Click the name above to see prints featuring Spitfire aircraft.

Manufacturer : Supermarine
Production Began : 1936
Retired : 1948
Number Built : 20351


Royal Air Force fighter aircraft, maximum speed for mark I Supermarine Spitfire, 362mph up to The Seafire 47 with a top speed of 452mph. maximum ceiling for Mk I 34,000feet up to 44,500 for the mark XIV. Maximum range for MK I 575 miles . up to 1475 miles for the Seafire 47. Armament for the various Marks of Spitfire. for MK I, and II . eight fixed .303 browning Machine guns, for MKs V-IX and XVI two 20mm Hispano cannons and four .303 browning machine guns. and on later Marks, six to eight Rockets under the wings or a maximum bomb load of 1,000 lbs. Designed by R J Mitchell, The proto type Spitfire first flew on the 5th March 1936. and entered service with the Royal Air Force in August 1938, with 19 squadron based and RAF Duxford. by the outbreak of World war two, there were twelve squadrons with a total of 187 spitfires, with another 83 in store. Between 1939 and 1945, a large variety of modifications and developments produced a variety of MK,s from I to XVI. The mark II came into service in late 1940, and in March 1941, the Mk,V came into service. To counter the Improvements in fighters of the Luftwaffe especially the FW190, the MK,XII was introduced with its Griffin engine. The Fleet Air Arm used the Mk,I and II and were named Seafires. By the end of production in 1948 a total of 20,351 spitfires had been made and 2408 Seafires. The most produced variant was the Spitfire Mark V, with a total of 6479 spitfires produced. The Royal Air Force kept Spitfires in front line use until April 1954.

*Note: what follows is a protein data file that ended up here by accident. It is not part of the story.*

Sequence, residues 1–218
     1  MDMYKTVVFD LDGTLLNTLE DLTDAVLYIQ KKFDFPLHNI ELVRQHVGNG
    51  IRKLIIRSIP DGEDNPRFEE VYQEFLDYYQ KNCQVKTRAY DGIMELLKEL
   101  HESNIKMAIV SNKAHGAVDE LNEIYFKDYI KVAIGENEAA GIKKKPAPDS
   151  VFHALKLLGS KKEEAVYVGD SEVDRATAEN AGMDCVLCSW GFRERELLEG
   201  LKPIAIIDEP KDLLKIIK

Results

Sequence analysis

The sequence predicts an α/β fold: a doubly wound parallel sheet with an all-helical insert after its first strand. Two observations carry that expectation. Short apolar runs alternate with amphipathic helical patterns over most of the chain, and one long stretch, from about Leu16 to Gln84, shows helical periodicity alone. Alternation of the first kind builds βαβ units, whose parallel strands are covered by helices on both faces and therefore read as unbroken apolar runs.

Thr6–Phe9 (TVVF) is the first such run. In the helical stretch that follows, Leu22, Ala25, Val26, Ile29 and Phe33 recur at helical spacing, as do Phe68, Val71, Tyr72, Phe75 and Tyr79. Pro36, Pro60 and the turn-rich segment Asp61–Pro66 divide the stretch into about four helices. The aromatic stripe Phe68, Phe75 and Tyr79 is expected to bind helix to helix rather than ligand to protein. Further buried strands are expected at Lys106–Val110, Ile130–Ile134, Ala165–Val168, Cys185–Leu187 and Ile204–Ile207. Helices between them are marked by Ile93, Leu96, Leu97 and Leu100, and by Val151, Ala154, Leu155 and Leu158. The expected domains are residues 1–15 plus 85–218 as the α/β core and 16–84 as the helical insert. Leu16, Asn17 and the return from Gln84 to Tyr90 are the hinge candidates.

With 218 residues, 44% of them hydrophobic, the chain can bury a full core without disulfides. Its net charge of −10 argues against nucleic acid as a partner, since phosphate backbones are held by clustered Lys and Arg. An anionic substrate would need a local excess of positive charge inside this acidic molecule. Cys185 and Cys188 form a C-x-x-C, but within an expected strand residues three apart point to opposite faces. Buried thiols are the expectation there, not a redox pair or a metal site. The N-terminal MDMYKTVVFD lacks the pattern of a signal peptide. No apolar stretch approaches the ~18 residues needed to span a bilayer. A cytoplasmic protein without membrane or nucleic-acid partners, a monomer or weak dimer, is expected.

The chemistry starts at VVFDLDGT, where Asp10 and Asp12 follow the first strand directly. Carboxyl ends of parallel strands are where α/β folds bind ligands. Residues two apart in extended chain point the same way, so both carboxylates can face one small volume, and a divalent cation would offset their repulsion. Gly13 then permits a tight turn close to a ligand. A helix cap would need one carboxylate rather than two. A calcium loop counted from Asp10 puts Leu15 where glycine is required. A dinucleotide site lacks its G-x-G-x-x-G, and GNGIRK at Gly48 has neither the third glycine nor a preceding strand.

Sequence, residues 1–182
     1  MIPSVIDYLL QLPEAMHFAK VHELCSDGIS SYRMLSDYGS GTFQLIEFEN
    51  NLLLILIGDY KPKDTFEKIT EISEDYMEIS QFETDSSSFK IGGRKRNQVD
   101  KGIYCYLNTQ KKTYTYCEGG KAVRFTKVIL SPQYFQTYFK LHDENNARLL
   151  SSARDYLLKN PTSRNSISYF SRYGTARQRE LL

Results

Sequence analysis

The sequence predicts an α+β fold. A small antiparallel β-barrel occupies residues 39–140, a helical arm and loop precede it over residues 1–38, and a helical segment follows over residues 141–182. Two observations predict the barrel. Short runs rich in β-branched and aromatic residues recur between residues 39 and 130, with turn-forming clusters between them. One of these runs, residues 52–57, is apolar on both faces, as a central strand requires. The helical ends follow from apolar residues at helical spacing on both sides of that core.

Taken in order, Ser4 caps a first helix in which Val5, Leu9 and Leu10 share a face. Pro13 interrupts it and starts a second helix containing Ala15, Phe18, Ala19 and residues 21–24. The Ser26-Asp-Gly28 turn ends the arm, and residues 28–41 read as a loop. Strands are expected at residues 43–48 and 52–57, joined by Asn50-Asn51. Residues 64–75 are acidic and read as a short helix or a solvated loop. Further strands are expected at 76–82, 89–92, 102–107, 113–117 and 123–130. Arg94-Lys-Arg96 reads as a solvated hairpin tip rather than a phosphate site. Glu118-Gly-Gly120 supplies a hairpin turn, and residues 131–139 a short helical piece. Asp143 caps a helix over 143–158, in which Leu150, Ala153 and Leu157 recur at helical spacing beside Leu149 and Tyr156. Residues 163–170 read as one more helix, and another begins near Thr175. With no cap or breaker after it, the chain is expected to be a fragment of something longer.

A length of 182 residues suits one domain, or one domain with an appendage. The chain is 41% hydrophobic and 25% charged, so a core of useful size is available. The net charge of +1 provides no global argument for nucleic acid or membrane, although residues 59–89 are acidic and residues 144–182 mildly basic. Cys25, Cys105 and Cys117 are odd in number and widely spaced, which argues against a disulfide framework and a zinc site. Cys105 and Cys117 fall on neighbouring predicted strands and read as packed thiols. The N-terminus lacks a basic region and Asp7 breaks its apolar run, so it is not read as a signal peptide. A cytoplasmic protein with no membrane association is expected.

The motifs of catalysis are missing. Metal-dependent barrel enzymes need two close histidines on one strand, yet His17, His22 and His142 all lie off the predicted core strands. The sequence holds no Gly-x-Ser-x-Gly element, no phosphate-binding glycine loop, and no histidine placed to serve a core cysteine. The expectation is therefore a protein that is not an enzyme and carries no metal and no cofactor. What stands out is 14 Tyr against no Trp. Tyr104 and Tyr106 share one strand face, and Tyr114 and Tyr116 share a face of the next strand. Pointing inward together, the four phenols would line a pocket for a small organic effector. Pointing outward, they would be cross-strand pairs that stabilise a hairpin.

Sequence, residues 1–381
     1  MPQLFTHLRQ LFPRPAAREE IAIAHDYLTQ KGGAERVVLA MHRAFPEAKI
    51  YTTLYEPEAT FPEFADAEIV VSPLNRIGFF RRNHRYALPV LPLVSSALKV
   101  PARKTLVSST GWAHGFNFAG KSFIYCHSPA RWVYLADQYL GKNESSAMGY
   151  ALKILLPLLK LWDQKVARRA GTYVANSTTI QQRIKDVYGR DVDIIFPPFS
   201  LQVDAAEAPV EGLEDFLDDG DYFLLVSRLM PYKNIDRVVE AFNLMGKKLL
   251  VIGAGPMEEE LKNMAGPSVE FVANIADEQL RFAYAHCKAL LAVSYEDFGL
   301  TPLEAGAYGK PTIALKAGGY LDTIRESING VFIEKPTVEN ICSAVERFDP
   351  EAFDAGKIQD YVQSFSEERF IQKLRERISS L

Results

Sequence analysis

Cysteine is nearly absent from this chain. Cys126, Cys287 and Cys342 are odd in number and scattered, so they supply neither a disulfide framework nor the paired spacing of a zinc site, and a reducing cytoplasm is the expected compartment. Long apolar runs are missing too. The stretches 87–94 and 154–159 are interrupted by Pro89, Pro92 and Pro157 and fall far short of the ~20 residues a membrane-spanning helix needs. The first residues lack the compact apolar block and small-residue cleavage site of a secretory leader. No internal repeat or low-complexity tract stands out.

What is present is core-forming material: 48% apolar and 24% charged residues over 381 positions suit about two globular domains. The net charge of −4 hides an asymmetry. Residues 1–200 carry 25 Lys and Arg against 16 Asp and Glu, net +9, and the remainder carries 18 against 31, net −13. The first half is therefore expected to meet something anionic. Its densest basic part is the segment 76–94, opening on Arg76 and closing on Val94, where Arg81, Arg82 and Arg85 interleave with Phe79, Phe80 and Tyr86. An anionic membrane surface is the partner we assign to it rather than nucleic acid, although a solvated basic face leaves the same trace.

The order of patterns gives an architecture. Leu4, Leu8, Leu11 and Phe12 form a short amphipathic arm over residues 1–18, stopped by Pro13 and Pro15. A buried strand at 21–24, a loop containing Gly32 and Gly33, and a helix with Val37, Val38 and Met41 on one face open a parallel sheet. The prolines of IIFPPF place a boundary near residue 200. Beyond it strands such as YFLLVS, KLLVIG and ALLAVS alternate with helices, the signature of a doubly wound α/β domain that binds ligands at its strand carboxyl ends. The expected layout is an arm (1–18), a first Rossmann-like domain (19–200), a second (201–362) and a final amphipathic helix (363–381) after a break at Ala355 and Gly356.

Signatures for : No.441 Sqn RCAF
A list of all signatures from our database who are associated with this squadron. A profile page is available by clicking their name.

Squadron Leader Danny Browne DFC
Click the name or photo above to see prints signed by Squadron Leader Danny Browne DFC
Squadron Leader Danny Browne DFC

An American pilot, Sqdn. Ldr. Danny Browne was from Elm Park, New Jersey. Danny Browne joined Johnnie Johnson at Kenley in 1943 and went on to become a leading figure in the Canadian Wing, fighting in France and later in Holland. He would go on to command the Red Indian Squadron. Post-war he became a distinguished US attorney. Squadron Commander 441 Sqn RCAF, Squadron Commander 421 Sqn RCAF.